“The question one must ask is: If these programs are indeed working, then why are the people in the group most likely in charge of implementing them – SVPs and Directors – scoring them so much lower?”
Key Leadership Pulse Findings:
Twenty-five percent of the sample were C-level executives, while another 25 percent represent executive levels that report to the C-suite, with senior managers, managers, business educators, and consultants the remaining participants. In this study of what drives business, the identified business drivers cover a range of organization assets or areas of strength, from ability to manage profits and cash flow, to brand and pricing strategy; from strategic planning process, to employees, culture, and leadership. Unique to this survey is the response mechanism, with each item scored on a -5 to +5 scale of “extremely negative” to “extremely positive.”
“The perception gap between C-suite leaders and those who report to them is largest on programs a lot of C-level executives have been paying for and bringing into their companies,” Welbourne said. “The question one must ask is: If these programs are indeed working, then why are the people in the group most likely in charge of implementing them – SVPs and Directors – scoring them so much lower?”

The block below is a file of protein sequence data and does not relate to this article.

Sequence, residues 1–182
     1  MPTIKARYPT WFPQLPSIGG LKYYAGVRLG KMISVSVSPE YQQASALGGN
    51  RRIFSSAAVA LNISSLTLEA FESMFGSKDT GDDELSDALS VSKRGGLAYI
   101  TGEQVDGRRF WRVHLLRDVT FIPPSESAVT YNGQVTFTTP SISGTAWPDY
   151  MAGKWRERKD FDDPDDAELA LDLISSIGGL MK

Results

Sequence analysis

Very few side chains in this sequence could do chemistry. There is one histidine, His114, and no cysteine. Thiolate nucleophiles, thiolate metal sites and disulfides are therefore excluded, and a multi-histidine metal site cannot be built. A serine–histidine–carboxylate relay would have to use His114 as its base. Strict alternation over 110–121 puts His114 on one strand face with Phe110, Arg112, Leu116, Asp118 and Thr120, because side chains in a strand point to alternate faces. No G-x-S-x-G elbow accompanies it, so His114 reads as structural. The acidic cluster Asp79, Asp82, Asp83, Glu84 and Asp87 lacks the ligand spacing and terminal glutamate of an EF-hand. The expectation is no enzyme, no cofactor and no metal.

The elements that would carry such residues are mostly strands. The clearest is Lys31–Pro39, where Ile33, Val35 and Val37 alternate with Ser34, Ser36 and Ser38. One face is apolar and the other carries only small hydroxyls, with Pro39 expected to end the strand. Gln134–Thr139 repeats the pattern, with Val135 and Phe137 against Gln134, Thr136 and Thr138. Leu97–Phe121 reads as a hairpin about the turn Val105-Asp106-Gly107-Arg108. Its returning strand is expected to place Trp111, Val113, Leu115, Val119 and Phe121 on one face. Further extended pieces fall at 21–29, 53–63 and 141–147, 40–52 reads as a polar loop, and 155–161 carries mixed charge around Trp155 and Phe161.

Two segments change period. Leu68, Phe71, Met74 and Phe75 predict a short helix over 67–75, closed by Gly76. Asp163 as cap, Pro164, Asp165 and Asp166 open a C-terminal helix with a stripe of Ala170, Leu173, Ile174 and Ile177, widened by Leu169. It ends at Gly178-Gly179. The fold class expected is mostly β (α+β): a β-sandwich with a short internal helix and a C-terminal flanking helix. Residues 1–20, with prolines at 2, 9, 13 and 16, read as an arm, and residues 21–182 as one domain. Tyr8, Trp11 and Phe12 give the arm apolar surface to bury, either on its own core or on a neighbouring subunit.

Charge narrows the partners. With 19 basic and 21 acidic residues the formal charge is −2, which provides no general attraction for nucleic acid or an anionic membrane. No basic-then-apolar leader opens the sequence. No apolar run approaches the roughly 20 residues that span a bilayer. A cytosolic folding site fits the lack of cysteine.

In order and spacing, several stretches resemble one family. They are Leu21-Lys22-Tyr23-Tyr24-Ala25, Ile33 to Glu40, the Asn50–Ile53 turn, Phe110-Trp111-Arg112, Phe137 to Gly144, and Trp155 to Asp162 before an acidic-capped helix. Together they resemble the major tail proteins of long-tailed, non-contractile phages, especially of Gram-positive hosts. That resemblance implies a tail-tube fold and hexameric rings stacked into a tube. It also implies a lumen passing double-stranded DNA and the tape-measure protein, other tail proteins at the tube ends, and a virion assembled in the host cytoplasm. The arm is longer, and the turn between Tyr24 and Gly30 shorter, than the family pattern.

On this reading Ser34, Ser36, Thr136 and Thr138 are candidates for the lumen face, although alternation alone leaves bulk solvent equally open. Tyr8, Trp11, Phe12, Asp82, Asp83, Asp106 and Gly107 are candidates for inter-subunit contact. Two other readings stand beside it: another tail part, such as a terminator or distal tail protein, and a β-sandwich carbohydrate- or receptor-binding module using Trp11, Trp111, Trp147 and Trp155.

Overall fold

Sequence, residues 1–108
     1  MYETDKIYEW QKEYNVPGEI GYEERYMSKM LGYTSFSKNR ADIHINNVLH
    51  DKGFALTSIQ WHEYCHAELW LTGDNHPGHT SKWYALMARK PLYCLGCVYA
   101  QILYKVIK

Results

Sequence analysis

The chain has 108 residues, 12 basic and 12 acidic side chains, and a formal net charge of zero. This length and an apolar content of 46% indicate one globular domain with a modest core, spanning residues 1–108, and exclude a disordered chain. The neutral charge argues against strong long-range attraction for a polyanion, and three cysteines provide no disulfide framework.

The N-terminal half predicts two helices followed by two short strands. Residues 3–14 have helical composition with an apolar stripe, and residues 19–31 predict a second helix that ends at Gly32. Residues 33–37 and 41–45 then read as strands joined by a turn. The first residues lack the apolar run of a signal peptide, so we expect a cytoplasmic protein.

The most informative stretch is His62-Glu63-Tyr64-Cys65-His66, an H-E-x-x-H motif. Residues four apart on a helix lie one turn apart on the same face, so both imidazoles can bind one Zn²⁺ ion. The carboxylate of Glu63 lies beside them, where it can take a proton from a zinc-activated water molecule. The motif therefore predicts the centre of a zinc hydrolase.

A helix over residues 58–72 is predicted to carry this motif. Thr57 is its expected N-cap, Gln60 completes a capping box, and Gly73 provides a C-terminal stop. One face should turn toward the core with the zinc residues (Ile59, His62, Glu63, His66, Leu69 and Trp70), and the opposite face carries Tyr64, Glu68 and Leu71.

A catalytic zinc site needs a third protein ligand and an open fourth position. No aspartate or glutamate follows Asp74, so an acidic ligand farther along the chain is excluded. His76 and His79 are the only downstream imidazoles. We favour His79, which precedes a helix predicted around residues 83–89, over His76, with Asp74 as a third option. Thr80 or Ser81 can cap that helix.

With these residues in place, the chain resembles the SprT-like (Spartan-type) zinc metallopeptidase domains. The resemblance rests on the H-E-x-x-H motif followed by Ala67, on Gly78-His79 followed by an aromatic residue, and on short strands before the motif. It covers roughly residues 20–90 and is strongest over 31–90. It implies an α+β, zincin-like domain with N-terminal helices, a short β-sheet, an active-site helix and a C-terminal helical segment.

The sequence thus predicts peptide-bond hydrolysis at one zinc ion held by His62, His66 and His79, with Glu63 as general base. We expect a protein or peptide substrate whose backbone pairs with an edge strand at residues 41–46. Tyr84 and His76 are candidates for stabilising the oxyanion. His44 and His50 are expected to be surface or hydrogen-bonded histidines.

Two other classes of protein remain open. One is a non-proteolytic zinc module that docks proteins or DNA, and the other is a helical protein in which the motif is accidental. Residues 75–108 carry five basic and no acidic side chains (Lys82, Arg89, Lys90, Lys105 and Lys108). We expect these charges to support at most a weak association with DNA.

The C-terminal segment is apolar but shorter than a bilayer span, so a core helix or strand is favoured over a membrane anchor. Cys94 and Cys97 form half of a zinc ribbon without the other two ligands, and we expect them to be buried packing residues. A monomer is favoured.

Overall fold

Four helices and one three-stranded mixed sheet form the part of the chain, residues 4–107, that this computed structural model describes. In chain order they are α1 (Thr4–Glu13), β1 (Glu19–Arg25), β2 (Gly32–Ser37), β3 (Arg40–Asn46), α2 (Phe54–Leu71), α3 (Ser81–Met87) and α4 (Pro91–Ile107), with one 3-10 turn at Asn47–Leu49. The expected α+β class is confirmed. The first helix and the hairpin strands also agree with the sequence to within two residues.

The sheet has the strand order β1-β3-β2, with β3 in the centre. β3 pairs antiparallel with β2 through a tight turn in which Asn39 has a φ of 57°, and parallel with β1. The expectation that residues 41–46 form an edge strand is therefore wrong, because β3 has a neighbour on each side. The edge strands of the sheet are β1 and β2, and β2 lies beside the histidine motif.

Table 1: Average scores per question for items that are statistically significant (per group) and the Gap score (C-level minus Senior VP) Sorted high-low by gap.
Sen. VP to Director
|Ability to be agile and change quickly||1.86||-0.10||1.96|
|Our organization’s ability to innovate||2.23||0.46||1.77|
|Level of employee engagement||1.95||0.44||1.51|
|Our organization’s approach to employees||2.18||0.77||1.41|
|Culture of our company||2.58||1.39||1.19|
|Unique product characteristics||2.25||1.19||1.06|
|Skills and knowledge of our employees||2.38||1.37||1.01|
|Internal technology solutions||0.84||-0.08||0.92|
|The strategic planning process||0.51||0.67||-0.16|
The only gap that is in a different direction (where Senior VPs and Directors have higher score than do the C-suite executives) is on strategic planning; it is interesting to note that this factor also is significant in predicting employee energy.
Dr. Welbourne notes that “in multiple case studies within organizations we are finding that leaders are working at levels of energy below where they are at their best or most productive; they cite a key reason as the inability to focus on the key activities driving the business. Perhaps it’s time to start paying more attention to strategy.”
Additional information on these findings and other editions of Leadership Pulse are available at www.leadershippulse.com.
Matthew Simmons, USC Marshall Media Relations 213-821-9868 or firstname.lastname@example.org
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